As officer’s detain people, often they take personal property into custody and store it for safekeeping. This process can produce criminal evidence.

People v. Gipson

786 N.E.2d 540 (Ill. 2003).


“Whether a policy requiring the police to inventory items of value is sufficient to allow the openings of closed containers if the policy does not specifically mention closed containers.”


Officers are free to conduct a warrantless search to take inventory in accordance with inventory search policies. These policies can be pretty broad and still constitutional.


The testimony of the policy is valid and the search did not extend beyond the scope of the policy.


When an officer observed a cracked windshield, he ran the license plate number and discovered the driver had a revoked license. After pulling over the driver and confirming he was the owner, the officer called a tow company to tow the vehicle and conducted a routine inventory search to (1) protect the owner’s property, (2) protect the police against claims of lost property, and (3) to protect the police from danger. During the search, the officer discovered contraband located in a place where the policy encouraged the search to be conducted.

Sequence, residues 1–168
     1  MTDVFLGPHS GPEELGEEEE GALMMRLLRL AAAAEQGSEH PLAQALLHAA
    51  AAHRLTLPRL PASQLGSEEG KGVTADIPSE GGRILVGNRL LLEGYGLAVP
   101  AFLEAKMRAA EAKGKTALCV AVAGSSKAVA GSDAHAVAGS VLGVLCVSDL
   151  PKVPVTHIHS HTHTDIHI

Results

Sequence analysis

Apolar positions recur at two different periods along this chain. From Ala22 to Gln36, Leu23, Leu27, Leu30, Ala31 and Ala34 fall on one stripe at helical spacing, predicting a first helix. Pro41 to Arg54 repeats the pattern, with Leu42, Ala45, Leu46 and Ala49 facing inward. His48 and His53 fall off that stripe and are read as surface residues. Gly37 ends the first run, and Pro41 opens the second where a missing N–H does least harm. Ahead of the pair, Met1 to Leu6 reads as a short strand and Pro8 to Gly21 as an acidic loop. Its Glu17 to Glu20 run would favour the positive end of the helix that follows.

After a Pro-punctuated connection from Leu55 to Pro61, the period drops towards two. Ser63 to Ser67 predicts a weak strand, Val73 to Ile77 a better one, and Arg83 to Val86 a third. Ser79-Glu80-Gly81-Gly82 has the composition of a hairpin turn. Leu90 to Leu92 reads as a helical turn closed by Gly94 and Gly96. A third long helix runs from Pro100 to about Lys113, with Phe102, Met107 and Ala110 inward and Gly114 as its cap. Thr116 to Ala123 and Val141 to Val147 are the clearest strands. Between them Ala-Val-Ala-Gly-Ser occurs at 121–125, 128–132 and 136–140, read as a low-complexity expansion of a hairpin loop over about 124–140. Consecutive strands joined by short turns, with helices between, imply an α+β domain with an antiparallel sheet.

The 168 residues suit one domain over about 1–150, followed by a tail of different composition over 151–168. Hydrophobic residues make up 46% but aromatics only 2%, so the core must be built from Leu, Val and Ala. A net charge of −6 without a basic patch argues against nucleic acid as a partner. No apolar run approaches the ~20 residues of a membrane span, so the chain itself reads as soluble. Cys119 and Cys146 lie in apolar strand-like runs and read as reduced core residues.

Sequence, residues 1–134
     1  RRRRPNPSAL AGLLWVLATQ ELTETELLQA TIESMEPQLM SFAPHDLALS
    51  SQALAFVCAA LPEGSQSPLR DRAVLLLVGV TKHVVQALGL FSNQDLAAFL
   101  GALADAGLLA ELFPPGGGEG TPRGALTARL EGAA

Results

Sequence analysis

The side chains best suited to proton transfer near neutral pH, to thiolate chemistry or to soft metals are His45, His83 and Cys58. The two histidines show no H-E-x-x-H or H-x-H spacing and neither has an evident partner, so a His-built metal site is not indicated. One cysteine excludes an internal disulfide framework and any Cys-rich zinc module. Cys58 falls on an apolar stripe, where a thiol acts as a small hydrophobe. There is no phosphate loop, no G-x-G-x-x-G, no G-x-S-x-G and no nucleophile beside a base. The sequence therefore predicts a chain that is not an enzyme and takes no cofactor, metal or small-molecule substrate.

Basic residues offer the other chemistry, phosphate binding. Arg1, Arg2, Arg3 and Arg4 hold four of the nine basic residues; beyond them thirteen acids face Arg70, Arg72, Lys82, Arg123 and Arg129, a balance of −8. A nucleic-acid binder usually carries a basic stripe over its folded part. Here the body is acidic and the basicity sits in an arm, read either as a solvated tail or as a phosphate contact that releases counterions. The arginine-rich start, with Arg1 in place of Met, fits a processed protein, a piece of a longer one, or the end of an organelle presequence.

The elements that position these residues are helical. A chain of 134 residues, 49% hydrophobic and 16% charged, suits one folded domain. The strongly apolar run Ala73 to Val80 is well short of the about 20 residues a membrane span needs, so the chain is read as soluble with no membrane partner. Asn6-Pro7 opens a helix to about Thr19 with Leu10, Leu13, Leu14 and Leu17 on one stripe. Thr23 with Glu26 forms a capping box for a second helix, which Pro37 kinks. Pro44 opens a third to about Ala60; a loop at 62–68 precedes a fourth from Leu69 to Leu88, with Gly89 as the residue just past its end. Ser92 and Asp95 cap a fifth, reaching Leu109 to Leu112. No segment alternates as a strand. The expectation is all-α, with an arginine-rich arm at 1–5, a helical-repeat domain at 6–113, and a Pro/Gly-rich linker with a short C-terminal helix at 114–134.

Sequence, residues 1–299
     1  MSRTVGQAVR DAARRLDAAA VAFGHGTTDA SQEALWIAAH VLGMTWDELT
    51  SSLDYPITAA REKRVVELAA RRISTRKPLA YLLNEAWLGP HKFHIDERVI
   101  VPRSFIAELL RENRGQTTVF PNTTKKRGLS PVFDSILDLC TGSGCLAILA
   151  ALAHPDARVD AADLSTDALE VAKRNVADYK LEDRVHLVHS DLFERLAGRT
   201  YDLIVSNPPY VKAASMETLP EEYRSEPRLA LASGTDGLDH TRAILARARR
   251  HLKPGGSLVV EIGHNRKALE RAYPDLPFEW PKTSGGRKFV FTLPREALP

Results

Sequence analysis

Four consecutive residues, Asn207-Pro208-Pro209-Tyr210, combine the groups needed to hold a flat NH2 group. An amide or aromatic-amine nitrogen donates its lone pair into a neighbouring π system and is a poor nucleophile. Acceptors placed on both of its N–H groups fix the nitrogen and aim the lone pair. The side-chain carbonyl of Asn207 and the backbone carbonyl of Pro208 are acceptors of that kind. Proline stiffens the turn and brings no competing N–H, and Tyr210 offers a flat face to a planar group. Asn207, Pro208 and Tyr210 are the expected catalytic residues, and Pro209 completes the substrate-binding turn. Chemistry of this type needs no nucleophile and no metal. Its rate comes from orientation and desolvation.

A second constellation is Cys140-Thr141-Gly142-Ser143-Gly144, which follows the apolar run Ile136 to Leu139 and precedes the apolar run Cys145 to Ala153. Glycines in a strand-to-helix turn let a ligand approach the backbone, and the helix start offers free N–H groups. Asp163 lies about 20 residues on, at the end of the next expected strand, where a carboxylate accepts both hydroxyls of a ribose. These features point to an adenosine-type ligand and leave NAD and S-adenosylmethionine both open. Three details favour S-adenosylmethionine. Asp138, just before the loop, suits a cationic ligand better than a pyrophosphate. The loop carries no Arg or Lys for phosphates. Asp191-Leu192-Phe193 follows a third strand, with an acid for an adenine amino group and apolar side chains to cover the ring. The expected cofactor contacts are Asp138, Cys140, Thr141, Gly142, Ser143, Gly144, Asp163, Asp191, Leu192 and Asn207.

Later, during the hearing on the motion to suppress, the officer was called to testify at trial. The policy was not produced during this testimony, only the words of the officer sharing what he knew about the policy. The defendant provided no rebuttal testimony.


After the defendant has established a prima facie case (a warrantless search occurred), the state must provide a defense (the search was a routine tow inventory search). Here, the state provided a defense by producing testimony about a policy. This testimony was not rebutted and therefore will stand. Further, the policy allowed officers to look in the trunk and passenger locations for “valuables.” As the officer was searching, he came across a closed container that might contain valuables. So, he opened it up—within the realm of what the policy permitted.

Additional Notes

An inventory search is an exception to the warrant requirement where an officer conducts an inventory of contents for the purposes listed above.

To conduct an inventory search, the state needs to show: (1) a policy exists for the inventory (which can be broad), (2) valid impoundment and procedure, (3) the purpose was done for inventory and not as a pretext to look for crimes.

Essentially, the search can be challenged if there are no procedures (using Wells) or if the purpose is inappropriate (using Bertine).


The content contained in this article may contain inaccuracies and is not intended to reflect the opinions, views, beliefs, or practices of any academic professor or publication. Instead, this content is a reflection on the author’s understanding of the law and legal practices.

Will Laursen

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